Going forward, most Western workers will see their standard of living continue to decline as their wages remain stagnant and the cost of consumer goods rises. Germany, over the last ten years, has seen living standards decline by approximately 4% and, for the average American, the decline has been almost 10%. I am afraid these trends will continue unless the West thoroughly restructures the way in which it operates. However, restructuring is not currently on the political agenda in any major Western economy. This decline in living standards coupled with high unemployment is likely to result in political discontent in many Western countries. In the long run, I expect the standard of living for Western workers to be brought into closer alignment with those in the emerging markets. This seismic change in the way the world’s wealth and earnings are divided will make investing substantially more difficult than it was from 1980 to 2007.
At Terra Firma, our investment strategy to deal with this environment will be to seek to acquire businesses that benefit from inflation, as well as those that can derive a substantial part of their revenues and profits from serving the emerging markets. Asset-rich businesses are a fertile hunting ground for these opportunities, although some of the traditional havens, such as commercial real estate, are not yet at attractive valuations.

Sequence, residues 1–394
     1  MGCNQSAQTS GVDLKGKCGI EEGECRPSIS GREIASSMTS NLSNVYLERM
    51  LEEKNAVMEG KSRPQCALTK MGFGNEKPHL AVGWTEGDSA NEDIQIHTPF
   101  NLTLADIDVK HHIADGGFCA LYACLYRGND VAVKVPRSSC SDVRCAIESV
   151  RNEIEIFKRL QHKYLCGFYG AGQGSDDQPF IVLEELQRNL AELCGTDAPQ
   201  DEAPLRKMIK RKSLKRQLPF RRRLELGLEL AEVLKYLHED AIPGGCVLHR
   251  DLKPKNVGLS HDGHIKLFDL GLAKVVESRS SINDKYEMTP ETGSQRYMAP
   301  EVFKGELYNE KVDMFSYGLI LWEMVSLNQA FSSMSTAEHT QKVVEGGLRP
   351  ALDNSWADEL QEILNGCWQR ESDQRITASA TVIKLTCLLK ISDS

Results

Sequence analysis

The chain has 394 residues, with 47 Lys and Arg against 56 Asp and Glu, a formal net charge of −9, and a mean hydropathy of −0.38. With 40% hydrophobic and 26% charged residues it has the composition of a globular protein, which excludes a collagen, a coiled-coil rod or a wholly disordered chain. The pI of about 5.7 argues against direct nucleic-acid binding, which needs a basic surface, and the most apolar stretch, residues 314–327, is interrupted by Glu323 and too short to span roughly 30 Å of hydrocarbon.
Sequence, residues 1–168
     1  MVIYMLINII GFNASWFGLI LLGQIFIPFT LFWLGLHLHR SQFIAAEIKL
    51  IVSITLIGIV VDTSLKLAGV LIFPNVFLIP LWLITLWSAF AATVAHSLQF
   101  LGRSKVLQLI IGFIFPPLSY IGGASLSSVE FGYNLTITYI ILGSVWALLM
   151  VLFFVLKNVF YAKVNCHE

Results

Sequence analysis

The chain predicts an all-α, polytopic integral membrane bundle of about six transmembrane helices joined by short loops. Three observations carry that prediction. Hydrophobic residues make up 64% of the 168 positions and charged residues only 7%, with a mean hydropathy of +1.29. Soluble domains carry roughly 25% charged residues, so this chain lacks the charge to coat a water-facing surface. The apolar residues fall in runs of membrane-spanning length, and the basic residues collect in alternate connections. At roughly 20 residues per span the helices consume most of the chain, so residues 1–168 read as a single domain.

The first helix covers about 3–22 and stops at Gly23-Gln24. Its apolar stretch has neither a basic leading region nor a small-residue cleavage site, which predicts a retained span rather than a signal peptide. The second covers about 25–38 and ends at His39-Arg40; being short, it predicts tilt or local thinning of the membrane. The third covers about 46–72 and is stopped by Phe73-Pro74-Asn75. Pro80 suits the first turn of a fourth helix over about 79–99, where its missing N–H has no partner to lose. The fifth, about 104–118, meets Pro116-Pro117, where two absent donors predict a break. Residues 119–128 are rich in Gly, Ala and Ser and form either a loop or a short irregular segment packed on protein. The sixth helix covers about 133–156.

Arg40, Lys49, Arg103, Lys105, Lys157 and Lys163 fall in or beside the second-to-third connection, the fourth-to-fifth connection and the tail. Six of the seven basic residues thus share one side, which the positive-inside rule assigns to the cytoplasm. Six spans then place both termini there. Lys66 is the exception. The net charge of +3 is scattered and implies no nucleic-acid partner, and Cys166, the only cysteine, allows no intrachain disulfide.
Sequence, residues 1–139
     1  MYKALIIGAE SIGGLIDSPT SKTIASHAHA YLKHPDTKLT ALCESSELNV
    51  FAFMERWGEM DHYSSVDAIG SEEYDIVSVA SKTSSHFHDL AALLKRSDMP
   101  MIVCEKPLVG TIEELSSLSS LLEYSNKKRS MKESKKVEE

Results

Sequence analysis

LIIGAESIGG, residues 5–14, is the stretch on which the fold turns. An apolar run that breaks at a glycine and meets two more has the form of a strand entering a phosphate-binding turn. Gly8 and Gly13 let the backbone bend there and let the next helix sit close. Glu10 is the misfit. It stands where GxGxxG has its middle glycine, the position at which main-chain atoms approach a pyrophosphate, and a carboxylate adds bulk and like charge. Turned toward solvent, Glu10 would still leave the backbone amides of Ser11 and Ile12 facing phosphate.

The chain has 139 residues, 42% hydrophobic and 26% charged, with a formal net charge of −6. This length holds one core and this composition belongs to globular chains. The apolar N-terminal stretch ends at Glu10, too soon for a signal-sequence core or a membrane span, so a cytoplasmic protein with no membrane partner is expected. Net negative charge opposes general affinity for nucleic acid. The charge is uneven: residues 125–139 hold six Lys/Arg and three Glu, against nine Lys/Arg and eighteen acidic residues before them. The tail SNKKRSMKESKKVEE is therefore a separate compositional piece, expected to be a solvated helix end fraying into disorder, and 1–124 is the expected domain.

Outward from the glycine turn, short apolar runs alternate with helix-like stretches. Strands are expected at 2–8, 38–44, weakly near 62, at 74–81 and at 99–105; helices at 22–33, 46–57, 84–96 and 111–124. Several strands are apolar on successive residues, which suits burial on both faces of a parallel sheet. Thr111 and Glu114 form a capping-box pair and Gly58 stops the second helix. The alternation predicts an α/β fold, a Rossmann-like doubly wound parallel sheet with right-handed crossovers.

Looking back on 2010, all of us at Terra Firma would like to acknowledge the employees at our portfolio companies. We are also deeply appreciative of the support shown to Terra Firma by our investors. In the autumn, just ahead of the trial, we asked you to approve a potential investment of another €622 million in EMI by TFCP II and TFCP III as part of our effort to reach agreement with Citigroup, and you supported us with a vote of over 80% of the partnerships. Your support for us during this difficult period, our focus on maximising the value of your investment and not utilising your money unless appropriate, combined with our own substantial investment in TFCP II and TFCP III has created a true partnership. Clearly the last few years have been difficult, but we feel we are well positioned today to invest in the unpredictable markets that lie ahead. We look forward to continuing to work with you and to managing the existing portfolio businesses whilst finding new opportunities to build value in 2011 and beyond.
With best wishes,